Nicolai Malko conducts the BBC Symphony Orchestra

Nicolai Malko was born in 1883 in the Ukraine. His musical studies were largely undertaken in St Petersburg. By the mid-1920s he was teaching at both Moscow and Leningrad Conservatories, and conducting the Leningrad Philharmonic where he premiered Shostakovich’s first two symphonies. Subsequently, history, circumstances and inclination led Malko into a peripatetic life. He worked at various times in Vienna, Salzburg, Prague, Copenhagen, New York, London and Sydney, and was an ambassador for Russian music throughout his life. His sporadic relationship with the BBC – he was never a staff conductor - began in 1929 and lasted until his death in 1962.

In 1952 Richard Itter, the founder of Lyrita, began to make domestic recordings of BBC transmissions using state-of-the-art disc and tape recorders. He documented his collection but rarely listened to it, thus preserving a pristine archive. The Lyrita Recorded Edition Trust began a transfer programme in 2014 with the intention to release the best and rarest of these recordings to the public.

The Itter collection is predominantly of British music, but it also contains some unique international repertoire. This release is the first in a planned occasional series in which Lyrita will pay tribute to those musicians who made an important contribution to musical life in the UK.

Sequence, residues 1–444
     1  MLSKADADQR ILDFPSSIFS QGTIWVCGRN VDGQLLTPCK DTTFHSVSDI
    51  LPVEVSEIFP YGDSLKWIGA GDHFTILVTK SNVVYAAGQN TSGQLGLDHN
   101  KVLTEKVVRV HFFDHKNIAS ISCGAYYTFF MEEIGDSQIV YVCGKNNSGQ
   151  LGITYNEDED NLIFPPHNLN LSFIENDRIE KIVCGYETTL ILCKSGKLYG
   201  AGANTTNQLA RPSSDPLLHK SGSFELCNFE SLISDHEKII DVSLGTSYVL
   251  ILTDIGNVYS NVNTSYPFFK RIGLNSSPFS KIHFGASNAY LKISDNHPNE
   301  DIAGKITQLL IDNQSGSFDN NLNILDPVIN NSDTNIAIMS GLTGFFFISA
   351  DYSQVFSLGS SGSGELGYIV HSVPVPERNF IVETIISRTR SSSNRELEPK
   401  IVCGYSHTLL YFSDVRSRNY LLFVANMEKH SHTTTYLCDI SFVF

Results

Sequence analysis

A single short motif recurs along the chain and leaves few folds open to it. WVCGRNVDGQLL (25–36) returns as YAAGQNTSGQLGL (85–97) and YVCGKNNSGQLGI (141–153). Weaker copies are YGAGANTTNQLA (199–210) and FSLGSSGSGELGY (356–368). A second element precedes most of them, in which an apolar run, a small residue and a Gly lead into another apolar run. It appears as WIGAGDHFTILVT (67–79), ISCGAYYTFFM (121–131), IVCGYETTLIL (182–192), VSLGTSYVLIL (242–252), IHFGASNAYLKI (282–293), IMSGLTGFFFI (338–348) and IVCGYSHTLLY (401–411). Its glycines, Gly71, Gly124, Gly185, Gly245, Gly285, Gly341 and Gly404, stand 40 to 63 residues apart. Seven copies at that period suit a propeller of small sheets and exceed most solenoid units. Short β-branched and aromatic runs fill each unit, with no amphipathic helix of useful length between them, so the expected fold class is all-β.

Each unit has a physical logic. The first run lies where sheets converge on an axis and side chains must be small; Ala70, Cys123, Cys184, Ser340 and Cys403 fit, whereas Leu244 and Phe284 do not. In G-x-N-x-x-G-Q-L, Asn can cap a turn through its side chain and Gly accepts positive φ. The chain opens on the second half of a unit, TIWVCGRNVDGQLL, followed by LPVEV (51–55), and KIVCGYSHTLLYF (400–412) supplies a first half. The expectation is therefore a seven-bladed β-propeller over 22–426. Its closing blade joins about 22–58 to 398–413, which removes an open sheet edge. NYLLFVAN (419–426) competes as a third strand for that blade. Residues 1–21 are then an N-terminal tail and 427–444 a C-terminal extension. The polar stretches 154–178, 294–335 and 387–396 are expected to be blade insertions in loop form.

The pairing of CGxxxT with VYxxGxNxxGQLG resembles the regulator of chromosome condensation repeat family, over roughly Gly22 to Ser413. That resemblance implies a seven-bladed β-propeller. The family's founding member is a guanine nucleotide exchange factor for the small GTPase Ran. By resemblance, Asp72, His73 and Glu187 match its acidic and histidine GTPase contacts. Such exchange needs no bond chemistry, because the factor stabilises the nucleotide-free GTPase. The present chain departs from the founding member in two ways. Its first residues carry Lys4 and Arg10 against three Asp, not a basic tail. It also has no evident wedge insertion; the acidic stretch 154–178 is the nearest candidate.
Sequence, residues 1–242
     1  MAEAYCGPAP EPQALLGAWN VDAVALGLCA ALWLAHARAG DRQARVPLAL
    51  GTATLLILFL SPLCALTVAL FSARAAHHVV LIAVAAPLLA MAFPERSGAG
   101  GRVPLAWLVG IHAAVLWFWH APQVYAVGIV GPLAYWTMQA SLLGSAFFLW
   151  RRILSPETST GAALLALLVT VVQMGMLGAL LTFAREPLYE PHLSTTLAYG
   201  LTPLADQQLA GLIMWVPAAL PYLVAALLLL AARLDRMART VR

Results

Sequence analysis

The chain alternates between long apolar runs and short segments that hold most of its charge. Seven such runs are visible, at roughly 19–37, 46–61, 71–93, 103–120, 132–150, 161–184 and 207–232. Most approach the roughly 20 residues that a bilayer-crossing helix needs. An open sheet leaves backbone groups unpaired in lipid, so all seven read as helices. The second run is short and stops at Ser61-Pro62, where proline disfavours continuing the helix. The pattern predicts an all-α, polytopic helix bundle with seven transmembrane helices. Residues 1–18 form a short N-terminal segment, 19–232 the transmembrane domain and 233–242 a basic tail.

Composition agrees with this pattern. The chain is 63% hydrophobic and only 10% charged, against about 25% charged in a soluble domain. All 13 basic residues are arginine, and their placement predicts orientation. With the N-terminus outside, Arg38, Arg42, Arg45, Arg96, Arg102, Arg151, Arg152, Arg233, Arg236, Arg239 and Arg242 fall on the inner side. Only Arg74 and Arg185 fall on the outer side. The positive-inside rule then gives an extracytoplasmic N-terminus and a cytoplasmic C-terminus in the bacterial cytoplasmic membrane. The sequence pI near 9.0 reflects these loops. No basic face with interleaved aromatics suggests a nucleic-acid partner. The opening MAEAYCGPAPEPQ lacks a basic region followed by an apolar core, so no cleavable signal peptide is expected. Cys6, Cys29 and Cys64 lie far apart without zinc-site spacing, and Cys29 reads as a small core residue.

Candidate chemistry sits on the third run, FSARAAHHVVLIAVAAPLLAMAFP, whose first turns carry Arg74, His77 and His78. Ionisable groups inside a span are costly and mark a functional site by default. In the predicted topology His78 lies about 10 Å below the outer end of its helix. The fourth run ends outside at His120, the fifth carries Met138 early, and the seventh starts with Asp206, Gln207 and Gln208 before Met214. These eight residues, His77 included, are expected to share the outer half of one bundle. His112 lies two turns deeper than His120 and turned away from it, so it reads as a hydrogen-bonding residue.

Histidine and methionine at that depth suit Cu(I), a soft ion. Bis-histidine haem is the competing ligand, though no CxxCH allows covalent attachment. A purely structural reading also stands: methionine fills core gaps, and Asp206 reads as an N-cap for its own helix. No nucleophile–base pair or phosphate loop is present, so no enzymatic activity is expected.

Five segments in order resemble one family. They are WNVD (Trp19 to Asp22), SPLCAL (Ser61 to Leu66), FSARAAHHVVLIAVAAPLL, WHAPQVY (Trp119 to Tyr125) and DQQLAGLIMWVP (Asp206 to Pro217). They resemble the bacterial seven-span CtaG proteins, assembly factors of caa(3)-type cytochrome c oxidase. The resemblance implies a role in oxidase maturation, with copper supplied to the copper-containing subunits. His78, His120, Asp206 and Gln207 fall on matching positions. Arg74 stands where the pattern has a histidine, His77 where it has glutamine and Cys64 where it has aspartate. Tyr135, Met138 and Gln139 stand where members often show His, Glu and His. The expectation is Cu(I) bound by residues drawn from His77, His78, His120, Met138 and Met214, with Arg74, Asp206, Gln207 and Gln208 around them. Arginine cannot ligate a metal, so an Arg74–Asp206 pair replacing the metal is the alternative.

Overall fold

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"Lyrit's well-transferred collection of BBC broadcasts featuring the Corporation's Symphony Orchestra under the direction of Nikolai Malko, part of the Itter Broadcast Collection, has to be one of the most signigicant 'historical' orchestral releases in recent years...This is a musically enriching set and our experience of Nikolai Malko's art duly extended." Gramophone, Feb 2016

“Considering the age and provenance of these recordings, the audio quality is more than acceptable. The excellent annotations, which provide biography, background and context are supplied by Rob Barnett, and run to thirty-eight pages, including a full English text of Kodály’s ‘The Spinning Room’. If that weren’t enough, the text is sprinkled with beautifully produced black and white photographs… I come away from this 4 CD set in the firm belief that Nikolai Malko is a conductor well worth getting to know.” Stephen Greenbank,

The Lyrita label (1952) as a whole emerged from founder Richard Itter’s penchant for taping BBC transmissions and archiving them. In 2014, the Lyrita Recorded Edition Trust obtained permissions to release selective performances to the public, and this current set devoted to Russian conductor Nicolai Malko (1883-1961) comes as a direct result Itter’s conscientious preservation of these historic performances. Conductor Malko maintained a working relationship with the BBC from 1929 until his passing in 2014.

The 1924 one-act theater-piece The Spinning Room of Zoltan Kodaly would be rare enough, even if performed in Budapest in its native Hungarian. In that country, its major disciple had been Janos Ferencsik. Here (3 February 1960), as produced in English with Malko and singers Elizabeth Simon, soprano; Norma Proctor and Kathleen Joyce, contraltos; Duncan Robertson, tenor; Denis Dowling, baritone; and Owen Brannigan, bass – we have only the second time the BBC had mounted the work since 1932, when Kodaly led the score.  Ostensibly, the work represents a Transylvania folk-ballad in operatic style in seven scenes, some more or less politically allegorical, but in the main devoted to faithful domestic love.  A residue of homely charm pervades the work; and the individual vocal talents, including the BBC Chorus, all performing at the Royal Festival Hall, impress with their sincerity of purpose. Gary Lemco,

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